• No point in getting a CXR done for screening. Get Low dose CT Thorax done instead & use CXR to F/U radiological improvement/deterioration.
  • Happy Hypoxia is real thing! We have seen couple of patients with oxygen saturations that are very low and they’re unaware of that. HRCT is S/o extensive disease. We wouldn’t usually see this phenomenon in influenza or community-acquired pneumonia.
  • Incidence of thromboembolism is very common in patients with raised D Dimer. In case of significantly raised D Dimer especially in patients with prolonged immobility, malignancy, major surgery, multiple trauma, prior VTE, and unexplained hypoxemia try to get CTPA done wherever possible/feasible.


Dr Hem Shankar Sharma, Asso. Prof. Med., JLNMC, Bhagalpur:

  • All cases, who show SpO2 less than 92%, need oxygen therapy, Respiratory rate 25 or more, are subjected to HRCT Chest.
  • No specific timings as such, depending on the clinical scenario, to be decided.
  • I prefer to go for chest X-Ray in all cases.
  • Cases, RAT and RTPCR, both negative, oxygen 94, or less, HRCT Chest, showing more than 40 to 50% lung involvement, are baffling.

What you think of these CT pics (Answer given above CME INDIA Tail Piece section below)

HRCT Thorax Quiz

Dr Himalaya Jha, Internist, CMO, CGHS, Ranchi:

  • We used to diagnose suspected case of COVID-19 on the basis RT – PCR of COVID-19 within (2 – 7 days of illness. if patients cooperate.
  • RAT test also we do prefer. If its positive means Positive COVID-19 (Very specific).
    • But if RAT test is negative, we prefer to do RT – PCR if patient is symptomatic. For reconfirmation.
  • For mild and Asymptomatic cases of COVID-19 – I never used CT chest (HRCT) or X ray chest except for high risk pts or patients with comorbid conditions.
    • Usually Influenza and COVID-19 pneumonia have similar CT chest involvement pattern.
  • In COVID-19 we usually get basal, peripheral, bilateral GGO, or consolidation or mixed pattern. Influenza may have similar pattern. But Influenza usually have central and random distribution of lesions.

CME INDIA Learning Points:

  • CT score of patients is associated the severity of the systemic inflammatory response. Risk stratification based on air-space disease may help to triage patients, guide treatment, and monitor disease progression and treatment.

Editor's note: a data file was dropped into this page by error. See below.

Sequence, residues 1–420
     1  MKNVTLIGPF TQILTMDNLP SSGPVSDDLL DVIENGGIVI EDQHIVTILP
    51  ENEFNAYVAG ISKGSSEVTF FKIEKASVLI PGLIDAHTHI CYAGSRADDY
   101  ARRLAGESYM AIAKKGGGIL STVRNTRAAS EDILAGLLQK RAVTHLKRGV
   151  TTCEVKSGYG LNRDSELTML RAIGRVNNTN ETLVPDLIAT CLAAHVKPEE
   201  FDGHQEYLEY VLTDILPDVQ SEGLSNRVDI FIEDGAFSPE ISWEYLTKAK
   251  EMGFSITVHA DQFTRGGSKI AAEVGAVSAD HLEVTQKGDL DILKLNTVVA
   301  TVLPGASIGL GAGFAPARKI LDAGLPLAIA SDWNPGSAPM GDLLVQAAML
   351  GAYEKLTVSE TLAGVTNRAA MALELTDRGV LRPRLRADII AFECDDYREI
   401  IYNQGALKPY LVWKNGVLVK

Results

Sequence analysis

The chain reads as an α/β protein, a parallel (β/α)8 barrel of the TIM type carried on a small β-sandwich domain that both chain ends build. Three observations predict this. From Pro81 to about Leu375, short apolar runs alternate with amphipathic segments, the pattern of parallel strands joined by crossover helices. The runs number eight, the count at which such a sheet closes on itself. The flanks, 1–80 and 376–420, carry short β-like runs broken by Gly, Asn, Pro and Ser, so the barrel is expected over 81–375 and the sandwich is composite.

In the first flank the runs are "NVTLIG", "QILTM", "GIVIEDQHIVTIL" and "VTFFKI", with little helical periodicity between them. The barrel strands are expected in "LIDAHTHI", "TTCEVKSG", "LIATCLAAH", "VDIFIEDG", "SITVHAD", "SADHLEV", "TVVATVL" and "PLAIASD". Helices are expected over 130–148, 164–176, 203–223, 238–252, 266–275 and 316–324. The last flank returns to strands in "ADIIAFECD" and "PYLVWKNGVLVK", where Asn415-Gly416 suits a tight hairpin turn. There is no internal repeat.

• Current evidence suggests that chest CT scans and X-Rays are generally NOT specific enough to either diagnose or rule out COVID-19 on their own. 
  • Imaging does have a limited role to play: When used with lab tests, a medical history and a physical exam, CT scans or x-rays can be helpful for diagnosing COVID-19 or determining the severity of the disease in some patients.
  • As per American College of Radiology: A chest CT or X-Ray cannot accurately distinguish between COVID-19 and other respiratory infections, like seasonal flu. A significant percentage of patients with COVID-19 have normal chest CTs or x-rays. Because COVID-19 is highly contagious, using imaging equipment on COVID-19 patients is a serious hazard for healthcare providers and other patients.
  • Though CT scans and X-Rays aren’t recommended as the only way to diagnose COVID-19, they may be appropriate on a case-by-case basis.   


(All pics courtsey of Dr Akash Kumar Singh, Vadodara)

[1] Post COVID.

[2] COVID with Pericardial effusion.

[3] COVID with Pulmonary Embolism.

[4] Recurrent COVID.

[5] Active COVID.

[6] Reverse Halo Sign.

[7] A large emphysematous bullae in right lower lobe causing mediastinal shift.

[8] Cavitation.

[9] Spontaneous Pneumothorax.

[10] Spontaneous pneumomediastinum.

CME INDIA Tail Piece:


Shared by Dr Bijay Patni, Kolkata.

This is scoring, based on segmental involvement. (Finest way). But we used to do on the basis of lobar involvement. (Gross criteria).

HRCT Scoring


Consensus statement endorsed by the Society of Thoracic Radiology and the American College of Radiology (ACR) that classifies the CT appearance of COVID-19 into four categories for standardized reporting language 

  • Typical appearance
    • peripheral, bilateral, GGO +/- consolidation or visible intralobular lines (“crazy paving” pattern).
    • multifocal GGO of rounded morphology +/- consolidation or visible intralobular lines (“crazy paving” pattern).
    • reverse halo sign or other findings of organizing pneumonia.
  • Indeterminate appearance
    • absence of typical CT findings and the presence of:
      • multifocal, diffuse, perihilar, or unilateral GGO +/- consolidation lacking a specific distribution and are non-rounded or non-peripheral.
      • few very small GGO with a non-rounded and non-peripheral distribution.
  • Atypical appearance
    • absence of typical or indeterminate features and the presence of:
      • isolated lobar or segmental consolidation without GGO.
      • discrete small nodules (e.g. centrilobular, tree-in-bud).
      • lung cavitation.
      • smoother interlobular septal thickening with pleural effusion.
  • Negative for pneumonia: No CT features to suggest pneumonia, in particular, absent GGO and consolidation.